The depth sounder’s bottom alarm is screaming and flashing 3 ft. Off the bow I can barely make out the tree covered shoreline about 20 yards away and it fades in and out. The view in all other directions is nothing but a ghostly white. I am working back and forth across the width of the river looking for the channel. It has to be here somewhere! Earlier I had thought about just staying in the berth and sleeping another hour. Now it looks like that would have been a much more sane choice. But I am getting ahead of myself. As with all my river trips the real story starts days before with the preparation or in this case the lack of it.
The 2003 boating season had been a little lean. I did take some nice trips but my work schedule was fairly brutal and kept me off the water more than I would have liked. I did make another trip from the bottom of Kentucky Lake to Chattanooga – my favorite river destination. Towards the end of the season I ran a section of the Arkansas River from Little Rock to just past the Oklahoma border. I was working on a story about that when a hard drive on my computer whimpered and then died. I not only lost the story but every photo I had taken during the 2003. Really dumb when two minutes and a 25 cent CD-R would have had them safely stored. In disgust I just let the story fall to the wayside.
But now the urge to hit the water is growing strong. It is early March and the weather still cool (down right cold in the mornings!) but I have this need. The obvious answer is to look south. Surely it is warmer down there somewhere.
Two years ago I was heading to Destin FL with a friend who lives right on the Intracoastal Waterway but was turned back right at the Alabama/Florida state line because of an approaching hurricane. I still wanted to visit him so this was my first choice. I looked at towing to Columbus, GA and dropping in on the Chattahoochee River and traveling south to Apalachicola, FL and then west on the Intracoastal. This would require a fairly ambitious schedule for the nine day window I had available for the trip. Two days would be lost to transportation.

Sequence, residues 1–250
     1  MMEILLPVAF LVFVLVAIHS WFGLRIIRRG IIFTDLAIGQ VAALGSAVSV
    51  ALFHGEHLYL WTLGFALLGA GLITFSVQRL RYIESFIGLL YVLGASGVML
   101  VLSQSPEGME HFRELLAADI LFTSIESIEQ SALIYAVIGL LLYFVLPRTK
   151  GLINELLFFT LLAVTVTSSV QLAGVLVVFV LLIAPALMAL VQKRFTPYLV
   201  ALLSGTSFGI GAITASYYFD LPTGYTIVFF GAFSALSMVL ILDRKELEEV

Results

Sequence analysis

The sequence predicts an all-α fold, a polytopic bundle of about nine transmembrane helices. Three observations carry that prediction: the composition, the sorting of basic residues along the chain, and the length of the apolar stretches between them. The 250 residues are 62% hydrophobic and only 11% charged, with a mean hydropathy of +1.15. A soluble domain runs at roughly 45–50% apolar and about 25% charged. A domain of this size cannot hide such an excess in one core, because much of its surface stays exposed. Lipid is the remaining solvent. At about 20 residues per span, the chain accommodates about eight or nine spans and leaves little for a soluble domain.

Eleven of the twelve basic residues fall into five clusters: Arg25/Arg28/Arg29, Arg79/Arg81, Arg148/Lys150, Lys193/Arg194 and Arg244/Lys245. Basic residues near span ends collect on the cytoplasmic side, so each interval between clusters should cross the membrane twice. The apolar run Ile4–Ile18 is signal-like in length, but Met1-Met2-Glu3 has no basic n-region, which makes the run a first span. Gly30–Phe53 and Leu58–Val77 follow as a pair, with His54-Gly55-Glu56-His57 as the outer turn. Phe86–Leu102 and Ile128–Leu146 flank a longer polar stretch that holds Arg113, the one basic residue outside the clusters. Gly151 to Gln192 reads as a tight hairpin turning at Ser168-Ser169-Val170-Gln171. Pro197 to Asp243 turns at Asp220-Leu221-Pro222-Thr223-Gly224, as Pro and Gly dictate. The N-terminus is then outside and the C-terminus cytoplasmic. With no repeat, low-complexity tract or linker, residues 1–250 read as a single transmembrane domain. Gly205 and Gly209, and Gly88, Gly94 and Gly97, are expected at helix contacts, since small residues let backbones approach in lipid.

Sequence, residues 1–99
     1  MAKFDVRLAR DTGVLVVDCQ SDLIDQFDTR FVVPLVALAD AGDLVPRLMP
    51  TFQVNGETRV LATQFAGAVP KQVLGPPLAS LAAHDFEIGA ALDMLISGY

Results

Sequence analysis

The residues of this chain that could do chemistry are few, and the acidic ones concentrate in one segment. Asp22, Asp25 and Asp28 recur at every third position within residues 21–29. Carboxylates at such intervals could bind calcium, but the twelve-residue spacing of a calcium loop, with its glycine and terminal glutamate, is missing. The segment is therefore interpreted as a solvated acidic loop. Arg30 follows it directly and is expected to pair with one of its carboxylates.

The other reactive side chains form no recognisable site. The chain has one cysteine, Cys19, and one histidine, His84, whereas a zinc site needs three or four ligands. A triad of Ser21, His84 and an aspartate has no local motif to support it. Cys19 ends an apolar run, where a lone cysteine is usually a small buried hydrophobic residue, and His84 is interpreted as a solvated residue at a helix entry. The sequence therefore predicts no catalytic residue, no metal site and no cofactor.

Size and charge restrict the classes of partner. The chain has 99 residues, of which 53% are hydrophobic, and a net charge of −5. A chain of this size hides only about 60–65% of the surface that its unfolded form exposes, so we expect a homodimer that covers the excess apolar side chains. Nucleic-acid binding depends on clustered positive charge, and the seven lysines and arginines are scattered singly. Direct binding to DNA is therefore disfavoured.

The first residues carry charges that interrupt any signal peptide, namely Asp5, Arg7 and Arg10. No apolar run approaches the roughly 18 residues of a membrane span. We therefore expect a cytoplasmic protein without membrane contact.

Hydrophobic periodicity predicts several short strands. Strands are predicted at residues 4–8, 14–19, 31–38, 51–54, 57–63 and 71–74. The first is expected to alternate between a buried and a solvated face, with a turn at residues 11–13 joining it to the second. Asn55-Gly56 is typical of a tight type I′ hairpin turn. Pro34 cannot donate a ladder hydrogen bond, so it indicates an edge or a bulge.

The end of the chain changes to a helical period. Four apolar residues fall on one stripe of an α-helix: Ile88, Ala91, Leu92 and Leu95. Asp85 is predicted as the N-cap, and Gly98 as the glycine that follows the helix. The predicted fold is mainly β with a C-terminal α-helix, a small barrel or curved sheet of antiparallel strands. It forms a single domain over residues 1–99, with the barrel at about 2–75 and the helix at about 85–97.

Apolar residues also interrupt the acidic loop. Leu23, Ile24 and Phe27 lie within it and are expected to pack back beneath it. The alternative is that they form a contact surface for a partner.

Another problem was the weather - or more precisely the temperatures. The forecast for the area was still showing morning lows in the 30s. In an unheated berth that’s pretty chilly. And even worse are the middle of the night “relief” calls I seem to have to make these days. Standing outside lightly dressed at 38 degrees trying to get a brimming bladder to cooperate is something I normally try to avoid. So I looked elsewhere.
The New Orleans area showed promise as the temps were 10 degrees warmer. I could drop in there and head west on the Intracoastal and go as far as I wanted before turning around. It would be a nice trip. But somehow the Destin area still seemed to draw me. Decisions, decisions. I decided I would watch the forecast and let that decide.
As my departure date approached I still hadn’t decided where to go. I need to make a choice so I did – the Alabama River. I know, it wasn’t even on the radar but I decided it made sense. I really wanted to go to Destin and it would get me there with a few less miles. Temps were about the same as the other route and it was about an hour and a half shorter drive. The plan was to tow the 550 miles to Montgomery, AL, drop in and run the Alabama's 288 miles to the Tenn-Tom and then south to Mobile Bay and on to Destin. River miles would total somewhere between 900 and a 1000 with three locks both ways. Other than the temperature it was workable so I decided just to deal with it and took an extra blakent. I hitched up Therapy, topped of the truck's tank and set off for Montgomery.
I had called ahead and made arrangement with the owner of Montgomery Marina to use their ramp. For a fee of $5 I was able to launch and leave my truck and trailer parked there as long as needed. He suggested I move the truck from the normal lower parking area up to the higher lot just in case the water came up. There was nothing in the forecast but better to be on the safe side.
I arrived about an hour after dark but had no problems finding the ramp. I decided to go ahead and drop in and just hang on the side of their dock for the night. Since I planned to leave at daybreak I figured I wouldn’t be in anyone’s way.
Once I had myself situated I climbed in to the berth with the idea of reading a new book my wife had just given me for my 52nd birthday “Honey, Lets Get a Boat” by Ron and Eva Stob. It details the yearlong adventure of first time boaters buying a 40’ trawler and setting off to do the “Loop”. An interesting read.
But here I bumped into my first oversight in planning for the trip. I failed to top of the charge on Therapy's single onboard battery. It had been about three weeks since I had her on the water and during the down times the battery always wanes a bit. Not a big deal as it still showed about 11.8 volts and would easily start the Honda. BUT I have a “Priority Start” device installed that cuts off the battery from everything but starting if voltage falls below 11.9V. So I had no interior lights. Oh well, I planned an early start and since it was now about 9 pm I decided to try to get some rest. The 12-hour drive had worn on me a bit so it wasn’t hard to allow the quiet darkness to induce the needed sleep.
During the night I stirred several times and could tell it was cold. I had an urge to pull the sleeping bag completely over my face. The next morning as the light from the rising sun peaked into the berth I glanced at the thermometer I have on the forward bulkhead and it read 36 DEGREES!!! NO wonder I was chilly. But as the sky started to lighten I was up, refreshed and ready to take on the Alabama. There was some fog on the river but it didn’t look like a problem. The Honda 50 fired on the first try and I was on my way doing what I enjoy most – exploring new water.